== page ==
Wednesday, October 24, 2012

Who Owns The Content You Buy?

Update: this issue has been solved and the woman in question has had her purchased content restored. However, that isn't the point. The idea that a company who sells you a product still has ultimate control over that product is the overriding issue that should concern us all.

It was a story that shocked many but really shouldn't have. Last week, online bookseller Amazon.com decided that a Norwegian woman was in violation of their terms of service and decided to terminate her Amazon account and wipe the books she had legally purchased off of her Kindle ereader device. Worse still, when the user challenged Amazon on the decision she was met with a complete unwillingness from the company to even tell her why they'd taken the drastic steps and was basically told that the issue was closed.

As I said, this story shouldn't surprise anyone. Amazon has been very upfront about their ability to remove things from your Kindle and has even exercised that power at least once, removing legally purchased copies of the George Orwell classic 1984 from users devices.  In that case, the book had been put up for sale accidentally and in violation of the publishers wishes. It was, in essence, a copyright issue. But this is different. This is Amazon saying that if you ever break their terms of service or do something they don't like, they can punish you by removing everything you've ever bought from them from your device.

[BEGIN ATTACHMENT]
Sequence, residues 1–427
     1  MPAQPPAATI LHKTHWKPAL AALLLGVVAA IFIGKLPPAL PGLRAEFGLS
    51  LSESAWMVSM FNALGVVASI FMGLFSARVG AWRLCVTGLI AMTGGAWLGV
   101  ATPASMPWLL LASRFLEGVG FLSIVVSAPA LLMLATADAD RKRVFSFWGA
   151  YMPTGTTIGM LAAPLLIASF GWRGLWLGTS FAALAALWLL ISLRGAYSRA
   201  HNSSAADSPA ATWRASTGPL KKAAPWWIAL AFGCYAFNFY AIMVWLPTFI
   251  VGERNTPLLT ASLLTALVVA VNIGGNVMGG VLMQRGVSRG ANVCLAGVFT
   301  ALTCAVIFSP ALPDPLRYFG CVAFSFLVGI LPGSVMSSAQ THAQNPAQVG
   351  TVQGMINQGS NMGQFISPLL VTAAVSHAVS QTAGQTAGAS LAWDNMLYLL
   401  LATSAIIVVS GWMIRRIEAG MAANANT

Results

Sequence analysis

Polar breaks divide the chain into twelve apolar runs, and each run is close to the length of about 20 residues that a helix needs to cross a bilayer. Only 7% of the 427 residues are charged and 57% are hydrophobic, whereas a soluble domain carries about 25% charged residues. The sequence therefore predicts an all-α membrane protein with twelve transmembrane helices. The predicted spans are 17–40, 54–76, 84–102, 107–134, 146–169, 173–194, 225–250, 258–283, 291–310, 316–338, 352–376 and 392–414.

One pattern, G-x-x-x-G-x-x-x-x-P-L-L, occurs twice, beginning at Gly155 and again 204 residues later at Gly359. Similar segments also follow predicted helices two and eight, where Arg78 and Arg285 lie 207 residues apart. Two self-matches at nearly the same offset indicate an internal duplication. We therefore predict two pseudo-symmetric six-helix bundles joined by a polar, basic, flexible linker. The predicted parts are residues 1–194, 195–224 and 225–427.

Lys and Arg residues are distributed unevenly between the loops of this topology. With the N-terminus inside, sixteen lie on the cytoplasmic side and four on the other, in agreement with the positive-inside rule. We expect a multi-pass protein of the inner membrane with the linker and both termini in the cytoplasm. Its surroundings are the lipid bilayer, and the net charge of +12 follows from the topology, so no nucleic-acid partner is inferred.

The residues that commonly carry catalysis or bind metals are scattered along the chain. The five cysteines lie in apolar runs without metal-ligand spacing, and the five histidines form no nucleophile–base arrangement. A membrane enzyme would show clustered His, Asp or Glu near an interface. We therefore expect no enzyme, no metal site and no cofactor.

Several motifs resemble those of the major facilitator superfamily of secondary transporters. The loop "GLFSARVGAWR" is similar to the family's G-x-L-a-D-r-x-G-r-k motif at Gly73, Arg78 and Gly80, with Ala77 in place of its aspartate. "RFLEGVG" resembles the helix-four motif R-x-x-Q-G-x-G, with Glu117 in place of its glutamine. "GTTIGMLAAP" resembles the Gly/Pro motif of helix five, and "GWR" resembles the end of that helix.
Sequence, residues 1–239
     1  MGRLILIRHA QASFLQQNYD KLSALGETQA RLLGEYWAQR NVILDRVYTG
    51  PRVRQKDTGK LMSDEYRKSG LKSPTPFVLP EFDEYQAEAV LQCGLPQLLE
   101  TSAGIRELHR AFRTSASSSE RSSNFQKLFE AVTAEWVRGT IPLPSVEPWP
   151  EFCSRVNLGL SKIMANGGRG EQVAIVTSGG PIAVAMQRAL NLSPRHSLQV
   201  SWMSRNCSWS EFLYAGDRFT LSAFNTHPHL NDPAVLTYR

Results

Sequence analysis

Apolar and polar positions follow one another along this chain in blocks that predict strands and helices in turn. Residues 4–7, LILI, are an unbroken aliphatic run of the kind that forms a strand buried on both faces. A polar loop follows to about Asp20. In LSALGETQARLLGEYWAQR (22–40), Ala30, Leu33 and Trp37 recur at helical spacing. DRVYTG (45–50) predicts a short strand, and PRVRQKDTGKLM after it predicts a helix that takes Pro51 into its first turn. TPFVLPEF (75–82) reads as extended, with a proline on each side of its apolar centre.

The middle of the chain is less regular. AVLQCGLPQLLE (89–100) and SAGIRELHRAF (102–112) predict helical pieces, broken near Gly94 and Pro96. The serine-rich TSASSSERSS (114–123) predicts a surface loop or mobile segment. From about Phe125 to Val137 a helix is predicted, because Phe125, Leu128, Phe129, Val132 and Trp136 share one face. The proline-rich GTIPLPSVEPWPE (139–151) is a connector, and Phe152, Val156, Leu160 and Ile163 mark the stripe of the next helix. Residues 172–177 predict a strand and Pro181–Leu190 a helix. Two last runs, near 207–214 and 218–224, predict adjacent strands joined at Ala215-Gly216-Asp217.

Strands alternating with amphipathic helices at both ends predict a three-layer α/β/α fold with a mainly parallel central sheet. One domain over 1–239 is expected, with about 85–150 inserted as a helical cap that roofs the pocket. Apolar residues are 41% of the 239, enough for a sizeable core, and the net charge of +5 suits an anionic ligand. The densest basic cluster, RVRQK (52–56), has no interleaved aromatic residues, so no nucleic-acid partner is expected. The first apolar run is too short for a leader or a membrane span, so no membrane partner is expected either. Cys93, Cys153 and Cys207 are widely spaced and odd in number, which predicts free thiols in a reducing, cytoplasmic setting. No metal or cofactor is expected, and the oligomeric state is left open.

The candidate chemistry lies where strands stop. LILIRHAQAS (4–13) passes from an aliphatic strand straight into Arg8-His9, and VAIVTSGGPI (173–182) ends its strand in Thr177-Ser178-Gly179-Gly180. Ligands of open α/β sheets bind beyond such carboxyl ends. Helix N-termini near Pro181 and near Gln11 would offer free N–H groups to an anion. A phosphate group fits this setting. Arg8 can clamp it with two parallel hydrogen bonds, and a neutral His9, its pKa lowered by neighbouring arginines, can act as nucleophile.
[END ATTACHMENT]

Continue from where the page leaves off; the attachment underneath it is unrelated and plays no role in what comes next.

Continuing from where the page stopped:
The message here is clear: you might have bought your digital content legally and followed all the rules, but you don't own or control it. Amazon does.

Such is another example of the problems with Digital Rights Management. It gives whoever holds the rights to the content you own (or whoever they say can exercise those rights) complete control over your property. If I purchase something that I don't fully control then can I really say I own it? No. In reality, I am simply paying a fee to use it. I'm renting and there's no requirement for the entity who controls the content or device to treat me fairly. They can do whatever they want. If I don't like it, I can go elsewhere, maybe, but I'm going to have to start over because they control the content I currently own.

DRM isn't about expanding freedom or protecting rights. It's really about giving the rights holder control beyond anything they could have in the non-digital world. Imagine buying a physical book from Amazon and then having an Amazon representative show up at the door a few months later to repossess the book because you'd used it in an unauthorized way. That's insane! But that's exactly what Amazon did in this case. Why? Because they could. DRM gave them the power to do it.

It's events like this that make fighting the imposition of DRM on our digital content so important. It's time we reject DRM and the businesses who impose it upon us completely. We need to refuse to do business with these companies and refuse the purchase products that are encumbered with the technology.

We would never accept DRM in the real world, why the hell are we accepting it on our digital content and devices?

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